Motorola’s MEA (Mesh Enabled Architecture) mesh communications system from Motorola’s Mesh Networks Group (www.motorola.com/mesh), provided wireless communications from the ambulance. The Garland mesh system is one of the largest deployments of high-speed (up to 2 Mbits/sec) digital communications in the country, providing 57 square miles of coverage. The system, still under construction, will eventually employ 900 “access points”, mounted on lampposts and other points throughout the city. The system provides continuous high-speed digital connectivity to both stationary and moving vehicles. Mesh communications technology is currently being studied for public safety use by many large municipalities throughout the country.
In the future, the General Devices’ EMS Telemedicine system will be able to utilize cellular telephone as well as digital and analog radio.
Advanced Applications of Technology
In addition to addressing day-to-day EMS issues, the Garland EMS Telemedicine test site is part of the University of Chicago’s Advanced Biomedical Collaboration (ABC) Testbed project, Dr. Jonathan Silverstein, PI. This NIH/National Library of Medicine funded project will explore the use of advanced tele-collaboration in medicine using the Access Grid (AG). The AG (http://www.accessgrid.org) is a global system of multi-point/multi-image advanced teleconferencing.
According to Dr. Fowler, “the use of advanced communications and computer technology in EMS represents an unexplored area of almost limitless opportunity for both improvement in patient care and the use of new life-saving patient care technologies prior to arrival at the hospital.” Michael Smith, President of General Devices, feels that the key to the acceptance of telemedicine in EMS lies in insuring that it meets medical needs; making it affordable, simple to use and reliable; and providing users with the ability to easily access field data.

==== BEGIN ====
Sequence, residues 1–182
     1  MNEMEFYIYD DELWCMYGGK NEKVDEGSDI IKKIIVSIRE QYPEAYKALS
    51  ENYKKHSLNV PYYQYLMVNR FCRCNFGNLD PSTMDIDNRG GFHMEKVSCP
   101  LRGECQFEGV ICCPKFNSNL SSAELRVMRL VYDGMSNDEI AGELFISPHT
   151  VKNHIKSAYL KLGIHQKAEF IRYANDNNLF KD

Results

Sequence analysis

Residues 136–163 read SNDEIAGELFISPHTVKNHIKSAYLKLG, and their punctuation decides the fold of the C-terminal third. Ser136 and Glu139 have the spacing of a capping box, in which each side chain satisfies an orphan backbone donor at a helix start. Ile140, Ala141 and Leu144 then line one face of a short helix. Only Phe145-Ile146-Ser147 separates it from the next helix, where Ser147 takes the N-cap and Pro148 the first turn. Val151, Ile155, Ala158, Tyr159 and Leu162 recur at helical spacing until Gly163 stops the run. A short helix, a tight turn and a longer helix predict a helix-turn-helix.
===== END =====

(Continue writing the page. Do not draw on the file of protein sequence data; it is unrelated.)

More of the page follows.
For more information contact:
Curt Bashford, General Devices
Dr. R. Fowler, University of Texas Southwestern School of Medicine
Deputy EMS Medical Director, The Dallas Area BioTel System
Dr. Jonathan Silverstein, University of Chicago,
PI: Advanced Biomedical Collaboration (ABC) Testbed,
For more details click: CAREpoint Information
The Rosetta-VC and MRx used in the demonstration are currently not available for sale, pending FDA approvals. This work was supported in part by the NIH/National Library of Medicine, under Contract N01-LM-3-3508
*Content carried over from prior GD website: Published dates may not be accurate.